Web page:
The UK central bank has come out with a longer-term recommendation on how much liquidity defined benefit (DB) pension funds should be earmarking to service their liability-driven investment (LDI) funds in case of sudden rises in interest rates – as seen in September’s gilts market crisis.

The Bank of England (BoE), which already stated in December that as an interim measure DB pension funds needed to maintain 300-400 basis points of such financial resilience, said yesterday in a staff paper that on a steady-state basis, the pension funds should hold a minimum of 250 basis points of extra collateral for LDI funds.

However, other details in the paper, entitled “LDI minimum resilience – recommendation and explainer”, indicate a view from BoE officials that in total the buffers required may not be much lower than the interim recommendation made in December.

The advice from the Bank of England is mainly aimed at The Pensions Regulator (TPR), with the central bank having said back in December that regulators should set out appropriate ongoing minimum levels of resilience for LDI funds.

Outlining conclusions reached by the bank’s Financial Policy Committee (FPC) at a meeting earlier this month on what an appropriate steady-state minimum level of resilience for LDI funds should be, the bank said: “The FPC judged that these factors meant that the size of the yield shock to which LDI funds should be resilient should be, at a minimum, around 250 basis points […].”

The minimum of 250 basis points has been conceived as the combination of 80 basis points minimum “baseline resilience” for LDI funds to stay resilient to idiosyncratic risks while continuing to operate, and at least 170 basis points for “systemic resilience”, designed to absorb a systemic shock without forced deleveraging, according to a graphic contained in the Bank of England’s staff paper released yesterday.

That graphic visually suggests that over and above the minimum 250 basis points of overall “resilience”, additional resilience to meet daily yield moves – to be calibrated by LDI funds according to their exposure and operational capabilities – might be around 100 basis points.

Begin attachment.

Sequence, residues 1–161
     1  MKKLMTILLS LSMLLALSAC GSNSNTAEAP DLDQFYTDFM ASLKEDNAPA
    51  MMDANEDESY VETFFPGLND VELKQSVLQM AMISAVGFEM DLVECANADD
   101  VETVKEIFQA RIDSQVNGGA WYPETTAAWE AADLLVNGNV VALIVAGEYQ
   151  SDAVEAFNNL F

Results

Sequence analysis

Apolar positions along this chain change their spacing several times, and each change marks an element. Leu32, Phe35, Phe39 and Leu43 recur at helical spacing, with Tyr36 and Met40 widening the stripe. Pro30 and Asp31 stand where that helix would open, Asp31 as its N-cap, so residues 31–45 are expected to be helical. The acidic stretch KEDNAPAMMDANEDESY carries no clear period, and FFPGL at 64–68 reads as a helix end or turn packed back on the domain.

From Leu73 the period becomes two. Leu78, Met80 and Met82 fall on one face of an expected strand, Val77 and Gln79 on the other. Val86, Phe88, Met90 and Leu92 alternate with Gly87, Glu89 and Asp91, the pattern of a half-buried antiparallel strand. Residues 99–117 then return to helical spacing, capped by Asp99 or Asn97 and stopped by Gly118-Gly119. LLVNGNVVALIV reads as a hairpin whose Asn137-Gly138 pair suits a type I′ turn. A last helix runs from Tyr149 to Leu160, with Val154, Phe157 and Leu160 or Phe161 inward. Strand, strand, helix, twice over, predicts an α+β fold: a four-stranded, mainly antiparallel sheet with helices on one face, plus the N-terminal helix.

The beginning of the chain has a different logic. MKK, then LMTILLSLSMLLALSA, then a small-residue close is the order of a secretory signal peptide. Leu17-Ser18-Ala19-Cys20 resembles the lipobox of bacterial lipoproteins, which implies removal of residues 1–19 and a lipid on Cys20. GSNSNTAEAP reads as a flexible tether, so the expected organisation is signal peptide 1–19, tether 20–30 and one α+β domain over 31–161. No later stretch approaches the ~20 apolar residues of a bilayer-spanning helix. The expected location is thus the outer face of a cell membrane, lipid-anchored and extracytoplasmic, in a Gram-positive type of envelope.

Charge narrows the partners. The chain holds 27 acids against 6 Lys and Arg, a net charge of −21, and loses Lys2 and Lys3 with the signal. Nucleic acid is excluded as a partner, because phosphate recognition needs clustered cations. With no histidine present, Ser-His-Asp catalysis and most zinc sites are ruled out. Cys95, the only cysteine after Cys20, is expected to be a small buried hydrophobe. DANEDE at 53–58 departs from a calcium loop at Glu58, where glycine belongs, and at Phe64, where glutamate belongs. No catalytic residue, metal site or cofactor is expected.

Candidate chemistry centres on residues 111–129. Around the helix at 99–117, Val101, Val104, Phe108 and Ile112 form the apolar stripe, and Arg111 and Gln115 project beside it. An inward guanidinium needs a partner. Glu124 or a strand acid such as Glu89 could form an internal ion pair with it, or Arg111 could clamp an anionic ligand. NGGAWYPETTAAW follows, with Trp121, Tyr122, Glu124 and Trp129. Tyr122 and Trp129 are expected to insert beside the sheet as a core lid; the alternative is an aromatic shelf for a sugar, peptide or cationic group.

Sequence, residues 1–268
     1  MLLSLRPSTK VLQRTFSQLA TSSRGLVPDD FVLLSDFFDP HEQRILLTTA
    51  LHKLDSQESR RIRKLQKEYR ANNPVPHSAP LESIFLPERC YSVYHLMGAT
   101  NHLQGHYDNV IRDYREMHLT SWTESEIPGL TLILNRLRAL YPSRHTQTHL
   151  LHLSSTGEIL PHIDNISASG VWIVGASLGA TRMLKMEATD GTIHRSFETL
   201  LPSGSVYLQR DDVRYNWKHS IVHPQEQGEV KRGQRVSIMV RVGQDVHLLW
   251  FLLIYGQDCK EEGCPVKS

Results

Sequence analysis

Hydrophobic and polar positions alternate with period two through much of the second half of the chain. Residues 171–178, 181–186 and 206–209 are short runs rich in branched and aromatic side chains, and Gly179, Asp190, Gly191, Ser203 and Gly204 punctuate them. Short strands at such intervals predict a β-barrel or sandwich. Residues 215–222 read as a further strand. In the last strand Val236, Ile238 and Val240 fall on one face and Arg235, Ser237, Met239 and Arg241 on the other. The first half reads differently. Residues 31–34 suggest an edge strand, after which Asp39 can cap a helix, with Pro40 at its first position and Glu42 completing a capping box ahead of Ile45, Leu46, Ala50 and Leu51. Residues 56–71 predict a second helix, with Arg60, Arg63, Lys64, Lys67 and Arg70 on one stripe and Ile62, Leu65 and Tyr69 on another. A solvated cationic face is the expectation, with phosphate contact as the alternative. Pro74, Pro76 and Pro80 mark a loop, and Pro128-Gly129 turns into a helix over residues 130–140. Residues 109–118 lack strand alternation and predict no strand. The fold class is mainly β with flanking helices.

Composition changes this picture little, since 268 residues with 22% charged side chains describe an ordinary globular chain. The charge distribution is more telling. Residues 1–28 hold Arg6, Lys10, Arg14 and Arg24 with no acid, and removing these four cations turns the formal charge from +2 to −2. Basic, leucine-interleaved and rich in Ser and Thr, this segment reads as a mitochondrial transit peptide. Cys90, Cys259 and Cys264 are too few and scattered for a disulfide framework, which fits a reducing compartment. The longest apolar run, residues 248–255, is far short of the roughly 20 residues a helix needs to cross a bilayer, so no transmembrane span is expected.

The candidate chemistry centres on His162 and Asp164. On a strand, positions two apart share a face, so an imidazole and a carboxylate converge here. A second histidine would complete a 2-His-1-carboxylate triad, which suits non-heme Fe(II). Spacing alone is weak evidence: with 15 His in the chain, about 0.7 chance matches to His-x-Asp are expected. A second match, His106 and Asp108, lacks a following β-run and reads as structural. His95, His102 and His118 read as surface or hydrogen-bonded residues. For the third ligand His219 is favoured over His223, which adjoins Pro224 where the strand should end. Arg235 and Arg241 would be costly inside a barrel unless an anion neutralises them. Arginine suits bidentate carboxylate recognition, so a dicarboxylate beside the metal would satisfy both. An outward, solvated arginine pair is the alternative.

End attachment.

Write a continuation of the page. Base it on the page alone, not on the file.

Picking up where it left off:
Bank of England LDI graph

Source: Bank of England

The bank said that until an appropriate framework incorporating the various elements of its recommendations was in place, the FPC judged that “TPR, in co-ordination with the FCA and other overseas regulators, should continue to ensure that LDI funds maintain the resilience that has been built up as set out in the FPC’s November 2022 recommendation”.

The Pensions and Lifetime Savings Association (PLSA) reacted to the FCP’s assessment, saying many of its members already held more buffer liquidity than the bank was advising they should have in a non-crisis situation.

Joe Dabrowski, deputy director of the industry association, said: “One of the most effective ways schemes can manage this [LDI] risk is by holding additional collateral, although this does come at the cost of potentially reducing some investment in growth assets.

“It is therefore important that recommended levels of collateral reflect the current stage of the interest rate cycle,” he said.

More than half of the DB funds surveyed by the PLSA were holding more than 250 basis points additional collateral in the wake of September’s mini-budget and had since strengthened their positions further given uncertainty about the future direction of monetary policy, Dabrowski said.

“The PLSA looks forward to seeing the regulator’s update of their stress testing, and underpinning analysis to see their assessment of systemic risks,” he said.

Meanwhile, consultancy LCP said it was unclear at this stage exactly how resilience was going to be monitored on an ongoing basis, with the Bank of England’s latest words on the topic being simple recommendations.

Zuhair Mohammed, head of LCP’s investment team, said the speed and severity of yield movements during the Gilt crises had shocked everyone.

“They were multiples larger than anything we’d seen in the previous 40 years. So it was no surprise that the TPR and joint regulators statement imposed a ‘temporary’ 300-400 basis point collateral requirement on LDI pooled funds,” he said.

Yesterday’s announcement by the Bank of England would not materially impact the way LDI mandates were run, he said.

“The devil’s going to be in the detail. These are recommendations at this stage, and we expect the TPR to respond with more detailed guidance,” said Mohammed.

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